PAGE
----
• Stimulates sympathetic nervous system, which boosts metabolism

How to:

We practice Bhastrika in three stages, using Bandhas for internal and external retention. There are two types of energy locks in Bhastrika Pranayama:

Stage 1: Only Internal Locks

  • Sit in a comfortable position.
  • Bring both hands into Chin Mudra and place them on your knees.
  • Take an easy breath in, and 1, 2, 1, 2…. (30-50 pumping).
  • Take an easy breath in and hold the breath. Apply internal locks (root and chin lock) for 2, 3, 4… (8-16 counts).
  • Gently release the locks and breathe out.
  • This completes one round. Continue for three rounds.

Stage 2: Only External Locks

  • Sit in a comfortable position.
  • Bring both hands into Chin Mudra and place them on your knees.
  • Take an easy breath in, and 1, 2, 1, 2…. (30-50 pumping).
  • Take an easy breath in and breathe out.
  • Hold your breath and apply external locks (Maha Bandha) for 2, 3, 4… (8-16 counts).
  • Gently release the locks and breathe in.
  • Repeat for three rounds.

Stage 3: Internal & External Locks

  • Sit in a comfortable position.
  • Bring both hands into Chin Mudra and place them on your knees.
  • Take an easy breath in, and 1, 2, 1, 2…. (30-50 pumping).
  • Take an easy breath in and release the breath out.
  • Easy breath in, apply internal locks.
  • Hold the breath for 2, 3…. (8-16 counts).
  • Breath out completely.
  • Hold the breath and apply external locks for 3, 4… (8-16 counts).
  • Gently release the locks and breathe in.
  • Continue for three more rounds.

Ujjayi Pranayama (Ocean Breath)

Arhanta Yoga students sit outside on a yoga mat and close their nostrils while practicing Ujjayi Pranayama

Ujjayi means “victorious” or “vibration”. In modern yoga, it is often referred to as Ocean Breath because of the gentle, ocean-like sound it creates as air moves in and out of the throat. As this technique encourages deep breathing, it decreases stress which can reduce the risk of excessive weight gain and unhealthy eating habits.

Benefits:

  • Increases the solar/fire energy in the body
  • Enhances concentration and relieves mental fatigue
  • Decreases stress hormone levels which can help improve metabolism

How to:

Stage 1: Internal Locks

  • Sit in a comfortable position.
  • Bring your right hand into Vishnu Mudra and place it on your right knee.
  • Bring your left hand into Chin Mudra and rest it on your left knee.
  • Inhale for 1, 2, 3, 4 counts, making a snoring sound.
  • Close your nostrils with your right hand.
  • Apply internal locks and hold for 2, 3, 4…. (8-16 counts).
  • Exhale left for 2, 3, 4…8.
  • This completes one round. Continue for 8-10 rounds and maintain the timing of the counts—do not rush.

Stage 2: External Locks

  • Sit in a comfortable position.
  • Bring your right hand into Vishnu Mudra and place it on your right knee.
  • Bring your left hand into Chin Mudra and rest it on your left knee.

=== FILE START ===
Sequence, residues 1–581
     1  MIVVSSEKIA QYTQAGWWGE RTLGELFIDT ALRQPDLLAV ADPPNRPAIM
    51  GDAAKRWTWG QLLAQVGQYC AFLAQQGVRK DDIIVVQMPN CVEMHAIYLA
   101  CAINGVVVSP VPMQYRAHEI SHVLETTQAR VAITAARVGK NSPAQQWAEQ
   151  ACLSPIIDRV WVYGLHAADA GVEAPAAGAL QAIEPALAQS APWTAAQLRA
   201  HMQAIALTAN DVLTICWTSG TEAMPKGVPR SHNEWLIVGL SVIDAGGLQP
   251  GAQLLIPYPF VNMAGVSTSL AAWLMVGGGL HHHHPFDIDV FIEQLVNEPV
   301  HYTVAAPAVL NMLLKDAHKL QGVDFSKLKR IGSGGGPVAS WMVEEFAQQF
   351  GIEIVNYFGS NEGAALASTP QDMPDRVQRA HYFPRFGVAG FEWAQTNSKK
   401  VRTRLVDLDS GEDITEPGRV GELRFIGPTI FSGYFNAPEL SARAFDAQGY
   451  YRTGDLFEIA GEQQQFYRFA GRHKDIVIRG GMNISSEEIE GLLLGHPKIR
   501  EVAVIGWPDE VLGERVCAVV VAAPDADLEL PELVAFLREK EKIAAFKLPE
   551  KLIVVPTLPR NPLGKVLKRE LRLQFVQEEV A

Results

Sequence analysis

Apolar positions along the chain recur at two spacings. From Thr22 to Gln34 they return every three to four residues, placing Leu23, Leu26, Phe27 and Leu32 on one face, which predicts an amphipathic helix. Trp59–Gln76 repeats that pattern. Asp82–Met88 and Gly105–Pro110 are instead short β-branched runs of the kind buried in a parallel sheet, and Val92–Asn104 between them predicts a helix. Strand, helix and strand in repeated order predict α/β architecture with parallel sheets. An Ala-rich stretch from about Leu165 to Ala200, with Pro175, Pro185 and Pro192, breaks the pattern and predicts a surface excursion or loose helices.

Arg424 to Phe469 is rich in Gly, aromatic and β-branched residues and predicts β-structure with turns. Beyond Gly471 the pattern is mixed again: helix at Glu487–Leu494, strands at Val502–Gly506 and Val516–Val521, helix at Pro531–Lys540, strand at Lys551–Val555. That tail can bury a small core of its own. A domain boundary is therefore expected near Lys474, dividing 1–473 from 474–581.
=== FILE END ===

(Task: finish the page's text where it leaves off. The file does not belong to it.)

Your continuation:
• Inhale for 1, 2, 3, 4 (in a snoring manner).
  • Close your nostrils with your right hand.
  • Hold for 2, 3, 4…. (8-16 counts).
  • Exhale left for 2, 3, 4…8.
  • Apply external locks, and hold for 2, 3, 4… (8-16 counts).
  • Continue for 8-10 rounds.

Stage 3: Internal & External Locks

  • Sit in a comfortable position.
  • Bring your right hand into Vishnu Mudra and place it on your right knee.
  • Bring your left hand into Chin Mudra and rest it on your left knee.
  • Inhale for 1, 2, 3, 4 (in a snoring manner).
  • Close your nostrils with your right hand.
  • Apply internal locks and hold for 2, 3, 4…. (8-16 counts).
  • Exhale left for 2, 3, 4…8.
  • Apply external locks, and hold for 2, 3, 4… (8-16 counts).
  • Continue for 8-10 rounds

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Final Thought

Yoga teaches us that everything is connected, and to fix one problem, we need to start at the very beginning: with the breath. When you make pranayama a regular part of your life, you awaken the connection between your body and mind, tapping into a world of healing. But remember, the purpose of pranayama is not to shed pounds or build the perfect body—although this is a bonus. Rather, it's a path to feeling more grounded, relaxed, and balanced in our daily lives. By practicing pranayama for metabolism, we can improve digestion, relieve stress, lose weight, and lead a healthier, longer life.

About the author

Ram Jain

Born into a Jain family where yoga has been the way of life for five generations, my formal yoga journey began at age of eight at a Vedic school in India. There I received a solid foundation in ancient scriptures, including Vedas, Upanishads, Bhagavad Gita, and Yoga Sutras (to name a few).

In 2009, I founded Arhanta Yoga Ashrams. I see yoga as a way to master the five senses, so I named our ashrams 'Arhanta Yoga,' the yoga to master the five senses!

In 2017, I also founded Arhanta Yoga Online Academy so that people who can not visit our ashrams can follow our courses remotely.

At Arhanta, we don't just teach yoga. We teach you how to reach your potential, deepen your knowledge, build your confidence, and take charge of your life.